# Voltage divider

DC-Circuits > Voltage divider

In electronics, a Voltage Divider, also called Resistor Divider, is a design technique used to create a Voltage Vout which is proportional to another Voltage Vin. A Voltage Divider whose Resistance is variable is called a Potentiometer, Figure 1.

Figure 1: The Schematic symbol for a Potentiometer

Figure 2 is a simple circuit to explain the principle of Potentiometer. A Resistor R is divided into two Resistors, R1 and R2, by the Voltage Divider Sliding Contact, which can move to any position along the R. R1 and R2 are connected in Parallel to the two Light Bulbs, B1 and B2, respectively. The two Parallel circuits are then connected in Series with the Voltage Power Supply V.

Figure 2: The Equivalent Circuit Diagram

The position of the sliding contact determines the resistances of R1 and R2. As R1 and R2 are changed, the voltages, V1 and V2, across each Light Bulb change. Because the sum of R1 and R2 is a constant (R), one Light Bulb becomes brighter while the other becomes dimmer. The sum of the voltages, V1 and V2, across each Light Bulb is equal to the Power Supply Voltage V.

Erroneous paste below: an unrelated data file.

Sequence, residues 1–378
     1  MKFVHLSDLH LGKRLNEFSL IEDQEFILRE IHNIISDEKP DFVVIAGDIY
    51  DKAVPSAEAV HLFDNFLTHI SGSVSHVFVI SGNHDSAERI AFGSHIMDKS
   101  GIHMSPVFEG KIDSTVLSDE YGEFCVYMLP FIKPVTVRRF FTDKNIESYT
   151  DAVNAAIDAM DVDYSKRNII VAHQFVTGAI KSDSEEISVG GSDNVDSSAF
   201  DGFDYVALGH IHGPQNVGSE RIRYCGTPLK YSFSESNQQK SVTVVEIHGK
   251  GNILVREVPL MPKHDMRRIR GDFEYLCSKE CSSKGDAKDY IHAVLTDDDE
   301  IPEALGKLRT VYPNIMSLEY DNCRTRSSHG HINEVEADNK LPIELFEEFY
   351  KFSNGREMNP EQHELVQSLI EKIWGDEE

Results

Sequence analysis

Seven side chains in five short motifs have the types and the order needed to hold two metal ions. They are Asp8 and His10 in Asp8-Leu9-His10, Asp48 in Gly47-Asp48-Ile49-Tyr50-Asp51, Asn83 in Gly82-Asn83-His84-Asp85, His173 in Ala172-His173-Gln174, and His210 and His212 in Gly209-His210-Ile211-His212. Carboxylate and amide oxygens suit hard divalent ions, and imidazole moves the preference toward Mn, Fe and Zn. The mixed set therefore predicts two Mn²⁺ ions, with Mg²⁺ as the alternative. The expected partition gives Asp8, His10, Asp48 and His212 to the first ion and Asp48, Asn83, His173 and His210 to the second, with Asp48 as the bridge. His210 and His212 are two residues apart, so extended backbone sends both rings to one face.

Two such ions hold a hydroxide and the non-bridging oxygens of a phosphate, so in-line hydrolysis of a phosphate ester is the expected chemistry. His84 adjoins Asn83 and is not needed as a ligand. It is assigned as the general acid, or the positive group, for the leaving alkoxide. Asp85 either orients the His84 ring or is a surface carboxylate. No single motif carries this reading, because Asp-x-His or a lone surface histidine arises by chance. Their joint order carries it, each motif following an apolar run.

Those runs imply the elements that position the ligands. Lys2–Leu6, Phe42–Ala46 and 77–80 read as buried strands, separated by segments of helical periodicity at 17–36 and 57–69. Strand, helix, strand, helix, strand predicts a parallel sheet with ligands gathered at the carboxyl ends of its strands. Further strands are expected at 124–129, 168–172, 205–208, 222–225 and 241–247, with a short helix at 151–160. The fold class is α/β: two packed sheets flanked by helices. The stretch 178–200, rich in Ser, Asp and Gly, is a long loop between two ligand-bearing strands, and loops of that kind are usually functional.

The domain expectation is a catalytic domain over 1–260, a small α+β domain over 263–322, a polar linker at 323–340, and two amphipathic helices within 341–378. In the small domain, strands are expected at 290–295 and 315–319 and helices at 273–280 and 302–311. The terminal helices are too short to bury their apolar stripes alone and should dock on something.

The volume control on the radio or TV is one of the applications of a Potentiometer, Figure 3. The volume control uses the technique of Voltage Divider. The higher the divided Voltage to the Audio Output Amplifier, the louder the sound we hear.

Figure 3: Volume Control on the radio or TV

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